Vimes is who the books are essentially about, and he gets the most character development. He used to be a drunk who barely got by, and didn't have to do anything in his job. He wasn't required to, because nobody gave the Watch any respect anyway. Carrot gave him a sense of duty, though, and he's progressed well since then. Jingo continues this progression, as he tries to stop the madness. Vimes is always an interesting person to read about. He's not a violent man, and he's trapped in a violent circumstance. Watching him get out of it is very entertaining.
Discworld is known for it's humour, and this is a very funny book. Pratchett usually cloaks his philosophical points in the laughs. This book isn't quite as funny as the previous ones, though, and the philosophy sticks out even more in this one because of it. It basically points out the pointlessness of mindless militarism, nationalism and patriotism. The closest thing it is a parody of is the Falklands conflict, with a war over a worthless piece of land that nobody in their right mind would want anyway. Along the way, though, many jokes are cracked. The best thing about the City Watch books is that the humour seems to come from within the characters, which makes for very zany, yet almost believable, events. That's why I prefer them.
This book is definitely worth a read. You could start with it, but I would suggest that you read the first three: Guards Guards, Men at Arms, and Feet of Clay. There is a progression of character that you will miss if you start with Jingo. But don't miss this one. It's a keeper.
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on March 3, 2002
Jingo ridicules war, and that's what it centers about, but in the process it ridicules (the usual) the city of Ankh-Morpork and it's solid river, the government, the people, foreingers and anything else that Terry just happened to be thinking of. (he can't help it i guess).
It's one of the best of his books i've ever read and i've read fourteen of them so far (with no plans of stopping). I'd read a recipe of bran muffins if Terry wrote it, that's how much of an established and devoted fan i am.
The humour is very hidden at times. My advice, don't start nodding your head off anytime or you'll miss most of the jokes. This guy is a master at the art of sophisticated, witty humour. And fart jokes too (he gets to that somewhere halfway through the book; poor Nobby and Colon. Imagine stuck at a "submersive" and "marine" vehicle under the ocean, with all there is to eat is cheese and (shudder) beans. And the container you're in is sealed. Yeah, the poor crew on board the ship thought it was a sea monster).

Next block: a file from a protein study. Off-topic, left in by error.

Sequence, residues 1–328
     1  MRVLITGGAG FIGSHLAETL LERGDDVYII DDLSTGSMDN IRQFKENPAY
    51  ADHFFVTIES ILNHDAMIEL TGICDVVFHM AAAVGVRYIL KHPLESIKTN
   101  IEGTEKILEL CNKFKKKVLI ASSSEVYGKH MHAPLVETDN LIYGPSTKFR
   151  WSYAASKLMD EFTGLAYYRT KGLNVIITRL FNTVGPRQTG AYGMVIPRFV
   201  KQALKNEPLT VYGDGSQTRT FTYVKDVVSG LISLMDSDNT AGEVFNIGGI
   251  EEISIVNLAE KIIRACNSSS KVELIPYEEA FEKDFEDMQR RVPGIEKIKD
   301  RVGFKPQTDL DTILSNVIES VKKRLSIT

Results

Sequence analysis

The characters are very believable, no matter how strange they are. I can actual feel pity for Vimes, the commander of the police Watch. Then there's Captain Carrot, the dwarf who's not so dwarf-ish. I think there's so much depth in this character because this guy just happens to understand EVERYTHING about people. And it's all through pure, innocent ignorance (sounds a bit strange). Terry wonders if three is some hidden intelligence beneath all that innocent stupidity. There must be, no one is that stupid. Well, if that's the case, no one can be that patient.
Anyway, there's many layers to this book. The most important one is it's a very, very funny and entertaining book. And it's so different from anything else you've read (other than discworld).
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on May 18, 2001
This was the novel that got me hooked on the Discworld and the Ankh-Morpork City Watch. It's very very funny and also wickedly intelligent. Someone here pointed out that Terry Pratchett is actually a philosopher masquerading as a funny man. Perhaps the reason why some people don't like "Jingo" is that the philosophy is a bit more overt here than in other Discworld offerings.